Partners in Action – The Spokane Future Teachers of Color Consortium

By Maria Esther Zamora, English Language Development teacher at Spokane Virtual Academy
Guest Blogger


How can we reduce the disparity between the number of students of color in our community versus the educators of color across the K-12 and higher education systems? This has been the question that I have posted to colleagues, administrators, and community leaders when having courageous conversations.

I have been a proud educator of color in Spokane for 26 years. I am a first-generation immigrant from Mexico, who has worked in various educational systems, from being a professor at Graduate School and University level to now being in the K-12 public education system. I had to reinvent myself when I moved to this area, learn English, and go back to graduate school to get my Teaching Certification credential while raising my family and working full time. It was a difficult endeavor, but not as challenging as to survive in a predominantly white professional field. I have persevered through all kinds of barriers to achieve my most important professional goal, which has been to inspire my students to believe in the power of education to achieve freedom.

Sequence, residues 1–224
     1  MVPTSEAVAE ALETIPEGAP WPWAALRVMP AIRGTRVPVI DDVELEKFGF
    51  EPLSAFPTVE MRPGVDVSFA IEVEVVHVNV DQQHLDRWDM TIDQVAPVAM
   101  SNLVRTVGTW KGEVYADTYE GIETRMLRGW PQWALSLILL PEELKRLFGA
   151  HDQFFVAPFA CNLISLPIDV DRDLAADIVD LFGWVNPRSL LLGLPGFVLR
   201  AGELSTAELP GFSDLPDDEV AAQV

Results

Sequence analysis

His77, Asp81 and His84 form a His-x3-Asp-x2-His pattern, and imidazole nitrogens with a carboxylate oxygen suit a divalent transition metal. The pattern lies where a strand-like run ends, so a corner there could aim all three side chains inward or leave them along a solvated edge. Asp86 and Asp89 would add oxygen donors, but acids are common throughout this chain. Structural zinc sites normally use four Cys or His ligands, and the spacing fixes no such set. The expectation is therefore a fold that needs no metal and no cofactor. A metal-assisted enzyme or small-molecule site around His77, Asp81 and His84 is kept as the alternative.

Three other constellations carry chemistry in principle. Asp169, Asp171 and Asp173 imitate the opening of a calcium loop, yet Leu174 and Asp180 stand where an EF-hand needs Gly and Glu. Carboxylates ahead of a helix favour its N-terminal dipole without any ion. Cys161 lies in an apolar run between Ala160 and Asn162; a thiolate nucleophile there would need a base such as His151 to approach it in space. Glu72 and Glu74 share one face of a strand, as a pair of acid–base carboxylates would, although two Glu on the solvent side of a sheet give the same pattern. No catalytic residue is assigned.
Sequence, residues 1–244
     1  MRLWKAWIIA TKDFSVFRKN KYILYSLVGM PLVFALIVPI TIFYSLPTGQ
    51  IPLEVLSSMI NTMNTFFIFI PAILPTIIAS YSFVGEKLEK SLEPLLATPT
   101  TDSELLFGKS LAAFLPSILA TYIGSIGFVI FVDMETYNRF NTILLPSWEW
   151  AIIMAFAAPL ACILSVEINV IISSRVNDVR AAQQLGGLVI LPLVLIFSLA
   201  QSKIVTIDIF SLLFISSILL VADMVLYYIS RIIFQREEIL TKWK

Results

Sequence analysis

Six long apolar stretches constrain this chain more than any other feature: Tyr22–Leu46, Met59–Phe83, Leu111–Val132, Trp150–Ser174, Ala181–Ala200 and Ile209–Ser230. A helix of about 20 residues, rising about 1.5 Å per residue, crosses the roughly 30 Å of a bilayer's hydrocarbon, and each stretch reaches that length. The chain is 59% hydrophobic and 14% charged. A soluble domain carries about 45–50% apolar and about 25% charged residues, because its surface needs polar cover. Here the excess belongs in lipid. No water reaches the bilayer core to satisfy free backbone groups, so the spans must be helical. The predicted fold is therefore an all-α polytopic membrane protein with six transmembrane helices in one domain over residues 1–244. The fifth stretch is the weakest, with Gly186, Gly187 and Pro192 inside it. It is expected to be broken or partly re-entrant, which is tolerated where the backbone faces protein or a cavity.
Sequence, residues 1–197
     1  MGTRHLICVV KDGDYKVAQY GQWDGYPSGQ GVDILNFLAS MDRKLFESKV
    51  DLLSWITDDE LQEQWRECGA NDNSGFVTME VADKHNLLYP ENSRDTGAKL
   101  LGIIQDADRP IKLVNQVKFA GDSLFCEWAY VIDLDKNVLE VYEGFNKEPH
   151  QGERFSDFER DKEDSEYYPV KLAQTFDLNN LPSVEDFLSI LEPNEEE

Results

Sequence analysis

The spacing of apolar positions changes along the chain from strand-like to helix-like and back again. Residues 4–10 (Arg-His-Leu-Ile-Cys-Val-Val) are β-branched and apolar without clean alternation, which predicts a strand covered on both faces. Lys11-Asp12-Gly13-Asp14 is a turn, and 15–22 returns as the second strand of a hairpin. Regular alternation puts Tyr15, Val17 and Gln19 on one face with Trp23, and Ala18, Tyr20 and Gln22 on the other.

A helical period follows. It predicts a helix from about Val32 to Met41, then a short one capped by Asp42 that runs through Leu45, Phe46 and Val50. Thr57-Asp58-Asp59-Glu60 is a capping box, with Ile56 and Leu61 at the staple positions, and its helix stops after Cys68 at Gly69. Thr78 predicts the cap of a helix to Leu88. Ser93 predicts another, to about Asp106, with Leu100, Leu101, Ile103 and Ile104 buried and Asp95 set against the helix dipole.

I have always felt that there is no better way to transcend than to teach what you know, which is how to maintain your cultural values and contribute to building a multicultural community that embraces minorities in this noble professional field. As a mother of bicultural children and an advocate for immigrants and refuge students and families, I have believed that it is imperative to have more role models and educators that look like us. Furthermore, I have seen the greatness that comes from demonstrating our excellent standards and work ethics to collaborate hand in hand to educate our community. Read More

Podcast – The Educators of Color Leadership Community

From Top Left: Brooke Brown, Stephanie Gallardo, Tamasha Emedi, Denise Daniels, Brad Brown, Eileen Yoshina

In our Putting Students First podcast, we interview policymakers, partners, and thought leaders to spotlight education policies, research, and practices so that together we can create a brighter future for every Washington student.

In this episode, League of Education Voters Communications Director Arik Korman hosts a panel discussion about the Puget Sound Educational Service District’s successful Educators of Color Leadership Community (ECLC), in which panelists address why educator diversity is so important, what the barriers are to recruitment and retention of teachers of color, how the Educators of Color Leadership Community supports teachers of color, and how we can scale the ECLC’s work to support teachers of color across Washington state.

We were honored to interview:

Brooke Brown, 2021 Washington state Teacher of the Year and Regional Teacher of the Year from Puget Sound Educational Service District 121, who teaches English and Ethnic Studies at Washington High School in the Franklin Pierce School District

Stephanie Gallardo, who teaches social studies at Foster High School in the Tukwila School District